Healthy Weight Control
Balancing Eating and Exercise
Keeping off weight during the holiday season can be tough. But there are many reasons to maintain a healthy weight all year round. A healthy weight lowers your risk for chronic diseases, like diabetes, heart disease, and certain cancers. It can also help you stay more mobile as you age.
Excess weight comes from taking in more energy, or calories, than your body needs. Some extra energy may be stored as fat. Many factors influence your risk for weight gain. These include poor diet, lack of sleep, and not getting enough physical activity. GenesStretches of DNA you inherit from your parents that define features, like your risk for certain diseases. can also play a role. Certain medications affect weight gain, too.
“In the U.S., we all live in an obesity-promoting environment to some degree,” says Dr. Susan Yanovski, an NIH expert on obesity and eating disorders. “We are constantly tempted with low-cost, high-calorie foods. And, we’re expending a lot less energy than we used to in everyday life. Many jobs are sedentary, and even household activities like washing dishes take less energy to do now. You throw them in the dishwasher. We have to work hard to incorporate activity into our everyday life.”
Taking steps toward a healthy lifestyle—even small ones—can help you get on a path to a healthy weight.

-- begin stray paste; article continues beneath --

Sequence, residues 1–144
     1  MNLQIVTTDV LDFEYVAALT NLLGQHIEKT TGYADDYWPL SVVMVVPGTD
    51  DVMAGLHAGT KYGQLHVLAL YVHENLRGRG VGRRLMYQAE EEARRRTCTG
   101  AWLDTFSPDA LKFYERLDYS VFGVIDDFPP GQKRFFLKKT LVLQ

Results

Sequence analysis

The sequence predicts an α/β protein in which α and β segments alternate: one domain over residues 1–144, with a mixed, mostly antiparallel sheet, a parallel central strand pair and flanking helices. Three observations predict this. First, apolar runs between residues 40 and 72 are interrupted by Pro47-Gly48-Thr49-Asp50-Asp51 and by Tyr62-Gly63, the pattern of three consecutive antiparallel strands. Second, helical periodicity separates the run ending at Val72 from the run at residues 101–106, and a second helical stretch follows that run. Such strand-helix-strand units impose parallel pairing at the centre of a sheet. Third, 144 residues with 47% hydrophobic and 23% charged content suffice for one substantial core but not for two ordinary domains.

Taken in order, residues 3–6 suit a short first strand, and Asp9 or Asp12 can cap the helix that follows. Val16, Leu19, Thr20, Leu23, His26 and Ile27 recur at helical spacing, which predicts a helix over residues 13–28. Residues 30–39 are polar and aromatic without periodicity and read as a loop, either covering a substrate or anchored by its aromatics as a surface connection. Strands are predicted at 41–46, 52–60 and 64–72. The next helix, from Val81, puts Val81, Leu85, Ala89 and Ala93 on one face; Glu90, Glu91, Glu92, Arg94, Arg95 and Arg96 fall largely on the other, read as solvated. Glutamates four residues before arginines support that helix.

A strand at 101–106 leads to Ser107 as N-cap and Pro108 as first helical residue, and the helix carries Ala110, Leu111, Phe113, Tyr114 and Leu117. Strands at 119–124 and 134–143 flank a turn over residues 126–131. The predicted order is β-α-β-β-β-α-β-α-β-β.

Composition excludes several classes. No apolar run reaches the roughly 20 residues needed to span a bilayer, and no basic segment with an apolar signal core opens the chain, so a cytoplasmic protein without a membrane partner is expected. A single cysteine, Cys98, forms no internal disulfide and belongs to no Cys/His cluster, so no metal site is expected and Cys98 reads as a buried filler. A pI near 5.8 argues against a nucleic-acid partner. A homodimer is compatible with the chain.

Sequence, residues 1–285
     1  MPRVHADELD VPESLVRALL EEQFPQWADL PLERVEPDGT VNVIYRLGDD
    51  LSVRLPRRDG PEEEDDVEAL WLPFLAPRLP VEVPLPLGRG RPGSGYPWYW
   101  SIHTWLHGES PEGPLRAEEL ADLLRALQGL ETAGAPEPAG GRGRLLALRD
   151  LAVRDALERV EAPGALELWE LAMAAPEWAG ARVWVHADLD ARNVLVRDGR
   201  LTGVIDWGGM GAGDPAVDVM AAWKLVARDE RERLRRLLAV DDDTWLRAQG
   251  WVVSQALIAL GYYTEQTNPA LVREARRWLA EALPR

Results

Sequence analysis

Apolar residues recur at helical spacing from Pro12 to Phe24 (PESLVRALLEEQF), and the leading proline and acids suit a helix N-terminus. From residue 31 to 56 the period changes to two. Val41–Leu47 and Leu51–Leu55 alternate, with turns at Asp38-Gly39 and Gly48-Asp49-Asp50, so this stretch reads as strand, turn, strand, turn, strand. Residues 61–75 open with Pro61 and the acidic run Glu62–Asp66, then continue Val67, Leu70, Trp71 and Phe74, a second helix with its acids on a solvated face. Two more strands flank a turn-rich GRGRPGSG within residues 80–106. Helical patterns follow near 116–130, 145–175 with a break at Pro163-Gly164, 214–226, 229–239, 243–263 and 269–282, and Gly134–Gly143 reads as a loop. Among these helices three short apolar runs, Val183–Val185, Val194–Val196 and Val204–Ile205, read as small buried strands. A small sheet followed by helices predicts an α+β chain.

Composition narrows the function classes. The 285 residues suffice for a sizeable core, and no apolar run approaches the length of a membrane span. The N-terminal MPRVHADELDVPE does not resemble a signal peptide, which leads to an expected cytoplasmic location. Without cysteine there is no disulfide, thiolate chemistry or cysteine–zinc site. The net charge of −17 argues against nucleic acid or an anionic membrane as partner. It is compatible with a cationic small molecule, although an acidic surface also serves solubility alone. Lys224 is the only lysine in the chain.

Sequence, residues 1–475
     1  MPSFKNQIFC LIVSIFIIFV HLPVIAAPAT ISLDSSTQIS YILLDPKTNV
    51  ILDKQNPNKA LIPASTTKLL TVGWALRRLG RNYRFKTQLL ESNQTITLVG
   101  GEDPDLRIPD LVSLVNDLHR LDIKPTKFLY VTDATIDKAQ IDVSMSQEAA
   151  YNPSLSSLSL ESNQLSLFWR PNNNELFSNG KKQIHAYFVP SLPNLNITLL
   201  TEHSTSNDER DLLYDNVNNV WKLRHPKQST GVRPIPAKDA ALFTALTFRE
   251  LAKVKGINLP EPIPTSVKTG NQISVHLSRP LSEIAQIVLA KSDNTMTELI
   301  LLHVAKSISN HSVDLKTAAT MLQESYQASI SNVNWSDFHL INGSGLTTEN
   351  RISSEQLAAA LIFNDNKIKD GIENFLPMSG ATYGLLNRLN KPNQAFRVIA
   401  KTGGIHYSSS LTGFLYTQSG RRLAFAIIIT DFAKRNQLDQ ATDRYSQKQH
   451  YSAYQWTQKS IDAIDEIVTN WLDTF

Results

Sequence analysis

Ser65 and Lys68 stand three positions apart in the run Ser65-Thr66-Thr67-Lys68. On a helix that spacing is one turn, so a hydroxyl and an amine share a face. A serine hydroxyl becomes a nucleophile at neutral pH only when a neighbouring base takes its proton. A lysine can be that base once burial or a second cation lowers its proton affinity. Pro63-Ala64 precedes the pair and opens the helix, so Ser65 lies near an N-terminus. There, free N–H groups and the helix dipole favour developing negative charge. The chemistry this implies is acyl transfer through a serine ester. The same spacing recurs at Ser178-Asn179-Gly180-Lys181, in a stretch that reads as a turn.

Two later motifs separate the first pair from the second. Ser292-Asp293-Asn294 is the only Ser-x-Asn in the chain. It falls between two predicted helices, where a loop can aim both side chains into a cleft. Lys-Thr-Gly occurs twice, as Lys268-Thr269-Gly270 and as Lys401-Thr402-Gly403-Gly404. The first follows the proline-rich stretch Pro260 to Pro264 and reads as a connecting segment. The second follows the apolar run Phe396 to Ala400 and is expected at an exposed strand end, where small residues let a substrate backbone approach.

Calculating a Healthy Weight
The definitions of overweight and obesity are based on body mass index, or BMI. BMI is based on your height and weight. Overweight for adults is a BMI between 25 and 29.9. Obesity is a BMI of 30 or greater. NIH has a tool to help you calculate your BMI.
“BMI is quick and easy to obtain, but it’s not perfect,” Yanovski says. A high BMI is usually caused by extra body fat. But it can also come from extra muscle, bone, or water.
If your BMI is high because of extra body fat, aim to lose about one to two pounds per week. “Some people might think losing weight quickly is the best strategy,” says Dr. Alison Brown, a nutrition scientist at NIH. “But really, the safer and more sustainable weight loss is gradual.”
To lose weight, you need to burn more calories than you take in. “Combining both calorie restriction plus physical activity tends to be most effective for weight loss,” Brown says.
Cutting Down Calories
To lose weight, experts suggest taking in about 500 fewer calories than you burn per day. This should get you to about one pound per week of weight loss, Yanovski says.
The NIH Body Weight Planner can help you calculate exactly how many calories you need for your weight loss goals. The tool takes your age, sex, and level of physical activity into account.
Experts recommend limiting less healthy foods that are high in calories, saturated and trans fats, refined carbohydrates, or sugar. “But there’s not one recommended diet for weight loss,” Yanovski says.
“The best diet is the one that you can stick with,” explains Brown. “It should be balanced and provide a variety of fruits and vegetables, whole grains, lean meats, and low-fat dairy or dairy alternatives.” For more about a healthy diet, see the Dietary Guidelines for Americans (HHS).